Side street: Paris Gardens.

Dorset House, 27-45 Stamford Street - an 8-storey office building of rusticated stone, which curves to follow the road. It was built during 1931-33 for Iliffe & Sons, who printed periodical magazines.[11] It was later occupied by IPC magazines. Current tenants include HM Revenue & Customs.

Crossing street: Hatfields

57 Stamford Street - an 8-storey apartment building built c2005.[12] The entrance consists of the Grade II listed portico of a Unitarian Chapel, built in 1821.[13] The chapel fell into disuse and the main body was demolished in 1964.

London Nautical School, 61 Stamford Street - a Grade II listed 3-storey school building built in 1820 in yellow stock brick with stone dressings.[14] It was designed by James Mountague for the Benevolent Society of Saint Patrick, an educational charity for poor Irish children in London. The schoolrooms were planned as wings each side of a centre block containing committee rooms and living quarters for the master and mistress. An additional storey was built over each wing in 1909. In 1921 the property was bought by the London County Council for use as the Central Printing School.[2] Since 1999 it has been occupied by the London Nautical School, a specialist sports and naval college.[15]

Crossing street: Duchy Street

63 Stamford Street - a Grade II listed 4-storey house, built in the early 19th century in stock brick with stone coped parapet.[16] The ground floor shop was added in the mid-19th century, and is currently occupied by Konditor & Cook. The two posts outside are cast gun barrels, also Grade II listed.[17]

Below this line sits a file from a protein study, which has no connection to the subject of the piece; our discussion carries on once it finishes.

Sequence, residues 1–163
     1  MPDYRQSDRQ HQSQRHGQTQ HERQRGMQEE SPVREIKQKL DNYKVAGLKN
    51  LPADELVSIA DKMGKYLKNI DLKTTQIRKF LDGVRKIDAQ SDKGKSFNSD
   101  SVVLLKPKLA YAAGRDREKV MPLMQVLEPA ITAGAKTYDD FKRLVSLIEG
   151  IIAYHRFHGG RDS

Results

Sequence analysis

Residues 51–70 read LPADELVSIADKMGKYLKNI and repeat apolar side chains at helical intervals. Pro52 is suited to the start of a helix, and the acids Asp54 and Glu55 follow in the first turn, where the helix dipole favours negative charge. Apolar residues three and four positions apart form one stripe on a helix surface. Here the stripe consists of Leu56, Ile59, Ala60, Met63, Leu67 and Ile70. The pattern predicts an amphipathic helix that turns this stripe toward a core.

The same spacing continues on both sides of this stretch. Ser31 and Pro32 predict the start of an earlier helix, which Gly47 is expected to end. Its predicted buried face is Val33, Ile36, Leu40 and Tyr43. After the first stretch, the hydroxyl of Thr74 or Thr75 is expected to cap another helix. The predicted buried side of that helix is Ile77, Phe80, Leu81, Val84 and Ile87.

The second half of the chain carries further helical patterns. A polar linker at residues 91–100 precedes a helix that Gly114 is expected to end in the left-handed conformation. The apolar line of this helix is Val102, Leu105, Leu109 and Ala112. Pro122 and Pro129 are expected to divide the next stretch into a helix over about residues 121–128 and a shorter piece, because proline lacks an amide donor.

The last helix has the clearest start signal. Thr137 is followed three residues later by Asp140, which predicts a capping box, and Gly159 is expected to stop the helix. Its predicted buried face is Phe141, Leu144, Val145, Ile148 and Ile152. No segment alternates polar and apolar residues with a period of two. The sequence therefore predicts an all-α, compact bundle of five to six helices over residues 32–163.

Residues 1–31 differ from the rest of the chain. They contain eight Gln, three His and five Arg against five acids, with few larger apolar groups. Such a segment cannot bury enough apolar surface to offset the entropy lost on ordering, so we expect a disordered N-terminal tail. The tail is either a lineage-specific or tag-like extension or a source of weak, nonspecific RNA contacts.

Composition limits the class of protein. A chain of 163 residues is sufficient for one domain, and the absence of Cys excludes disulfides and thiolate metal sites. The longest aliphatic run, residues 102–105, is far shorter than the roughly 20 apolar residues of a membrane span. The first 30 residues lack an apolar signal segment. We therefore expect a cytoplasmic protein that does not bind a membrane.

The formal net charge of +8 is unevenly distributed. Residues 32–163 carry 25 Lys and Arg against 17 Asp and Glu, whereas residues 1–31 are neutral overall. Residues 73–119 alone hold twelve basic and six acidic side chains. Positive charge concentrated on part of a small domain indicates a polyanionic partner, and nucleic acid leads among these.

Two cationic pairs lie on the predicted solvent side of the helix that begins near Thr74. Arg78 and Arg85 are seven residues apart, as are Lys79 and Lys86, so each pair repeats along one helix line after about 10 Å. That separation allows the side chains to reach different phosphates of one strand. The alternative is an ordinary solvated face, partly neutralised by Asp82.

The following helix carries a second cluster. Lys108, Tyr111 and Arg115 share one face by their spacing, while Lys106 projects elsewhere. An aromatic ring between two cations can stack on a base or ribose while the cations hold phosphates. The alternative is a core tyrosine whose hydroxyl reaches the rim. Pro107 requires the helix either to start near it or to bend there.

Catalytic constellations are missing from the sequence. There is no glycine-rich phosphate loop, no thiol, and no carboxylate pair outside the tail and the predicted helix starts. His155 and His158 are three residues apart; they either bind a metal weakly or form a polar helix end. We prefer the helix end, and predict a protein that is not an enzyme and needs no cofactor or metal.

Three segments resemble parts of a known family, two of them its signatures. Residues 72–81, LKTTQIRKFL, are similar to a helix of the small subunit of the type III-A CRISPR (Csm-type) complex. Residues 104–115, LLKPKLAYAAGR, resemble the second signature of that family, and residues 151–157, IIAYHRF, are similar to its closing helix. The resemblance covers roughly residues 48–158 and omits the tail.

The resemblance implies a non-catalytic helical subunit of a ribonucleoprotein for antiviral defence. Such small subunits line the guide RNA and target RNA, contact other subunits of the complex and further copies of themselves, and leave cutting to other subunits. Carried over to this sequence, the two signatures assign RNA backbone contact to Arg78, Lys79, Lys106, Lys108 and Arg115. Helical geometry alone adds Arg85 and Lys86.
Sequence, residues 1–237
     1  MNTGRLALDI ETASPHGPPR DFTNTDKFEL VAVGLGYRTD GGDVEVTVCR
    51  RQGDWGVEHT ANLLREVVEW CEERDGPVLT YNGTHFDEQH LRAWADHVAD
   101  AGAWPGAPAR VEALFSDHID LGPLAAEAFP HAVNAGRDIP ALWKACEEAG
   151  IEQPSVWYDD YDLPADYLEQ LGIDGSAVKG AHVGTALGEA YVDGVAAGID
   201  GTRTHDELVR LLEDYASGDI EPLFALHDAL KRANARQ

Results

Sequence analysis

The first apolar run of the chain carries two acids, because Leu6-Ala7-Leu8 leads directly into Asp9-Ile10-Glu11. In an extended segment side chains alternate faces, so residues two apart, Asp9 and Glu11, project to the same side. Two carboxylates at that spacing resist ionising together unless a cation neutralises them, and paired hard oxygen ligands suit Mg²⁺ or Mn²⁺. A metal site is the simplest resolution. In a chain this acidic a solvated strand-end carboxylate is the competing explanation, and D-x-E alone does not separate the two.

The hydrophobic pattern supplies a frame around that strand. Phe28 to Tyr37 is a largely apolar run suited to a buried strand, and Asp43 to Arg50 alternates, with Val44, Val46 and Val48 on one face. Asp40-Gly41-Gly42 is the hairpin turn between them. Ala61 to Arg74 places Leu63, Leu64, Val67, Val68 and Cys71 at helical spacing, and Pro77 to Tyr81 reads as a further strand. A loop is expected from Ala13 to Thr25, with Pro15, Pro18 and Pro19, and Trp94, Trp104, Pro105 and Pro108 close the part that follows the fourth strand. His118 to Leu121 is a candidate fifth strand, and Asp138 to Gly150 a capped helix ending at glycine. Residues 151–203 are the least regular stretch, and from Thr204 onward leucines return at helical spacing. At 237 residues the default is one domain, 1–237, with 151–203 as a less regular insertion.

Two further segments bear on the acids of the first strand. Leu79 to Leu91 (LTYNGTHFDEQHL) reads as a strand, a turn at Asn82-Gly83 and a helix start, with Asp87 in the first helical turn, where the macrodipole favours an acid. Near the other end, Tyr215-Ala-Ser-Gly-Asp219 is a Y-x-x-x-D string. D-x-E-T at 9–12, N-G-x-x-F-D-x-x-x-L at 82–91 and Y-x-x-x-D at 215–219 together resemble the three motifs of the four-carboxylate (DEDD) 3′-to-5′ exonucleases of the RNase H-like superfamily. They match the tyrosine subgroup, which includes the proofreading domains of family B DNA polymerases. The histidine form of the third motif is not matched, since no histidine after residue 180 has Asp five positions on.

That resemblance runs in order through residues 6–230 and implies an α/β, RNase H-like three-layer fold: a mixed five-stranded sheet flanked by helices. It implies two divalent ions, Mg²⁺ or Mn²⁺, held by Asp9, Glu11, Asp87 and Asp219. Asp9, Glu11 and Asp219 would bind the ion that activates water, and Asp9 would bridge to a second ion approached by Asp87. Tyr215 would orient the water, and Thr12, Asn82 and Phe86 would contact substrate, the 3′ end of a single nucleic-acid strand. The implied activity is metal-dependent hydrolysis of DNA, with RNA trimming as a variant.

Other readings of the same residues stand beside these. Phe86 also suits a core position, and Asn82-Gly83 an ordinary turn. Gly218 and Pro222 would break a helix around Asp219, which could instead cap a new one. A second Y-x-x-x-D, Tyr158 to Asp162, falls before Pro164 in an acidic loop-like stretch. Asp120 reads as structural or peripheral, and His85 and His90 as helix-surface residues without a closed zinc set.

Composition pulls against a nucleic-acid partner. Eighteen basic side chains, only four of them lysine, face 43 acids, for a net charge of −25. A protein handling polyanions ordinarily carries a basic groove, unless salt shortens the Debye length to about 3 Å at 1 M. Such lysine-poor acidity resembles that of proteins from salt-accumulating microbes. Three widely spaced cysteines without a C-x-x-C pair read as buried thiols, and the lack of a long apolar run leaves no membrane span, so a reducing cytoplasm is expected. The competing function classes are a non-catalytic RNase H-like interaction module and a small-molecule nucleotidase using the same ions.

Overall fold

65-87 Stamford Street - a Grade II listed 4-storey Regency terrace, built in 1829 in stock brick with stone dressings.[18] There are two 8-bay wings and a higher 10-bay central section.[19]

89 Stamford Street - a Grade II listed 3-storey house built in the early 19th century of stock brick with parapet.[20]

91 Stamford Street - a Grade II listed 4-storey house built in the early 19th century of stock brick with parapet.[21] A ground floor shop was added in the mid-19th century, and is currently occupied by the Sticky Mango restaurant.

Crossing street: Coin Street

32-34 Coin Street - a 4-storey building containing 7 flats, built in 1997 in yellow stock brick with stone details and concrete moulding on the ground floor.[22] It was intended to harmonise with the adjacent terrace, but is crudely detailed in comparison to the originals.[18]

95-123 Stamford Street - a Grade II listed Regency terrace of 4-storey town houses, built in 1829.[18] It is built in stock brick with stone dressings including quoins at the corners. There are five sections of 4, 6, 8, 6 and 4 bays. No 123 was converted into a shop in the mid-19th century.[23]

Crossing street: Cornwall Road

Stamford Street Apartments, 127 Stamford Street - a student hall of residence. It was built during 1914-16 as a printing works for W H Smith & Son. The design by Stanley Peach incorporates monolithic Egyptian style features to its façade and railings.[18] It was sold to the proprietors of the Daily Telegraph in 1939, but was not occupied by them owing to the outbreak of war. It was badly damaged by bombing and subsequently used for storage.[2]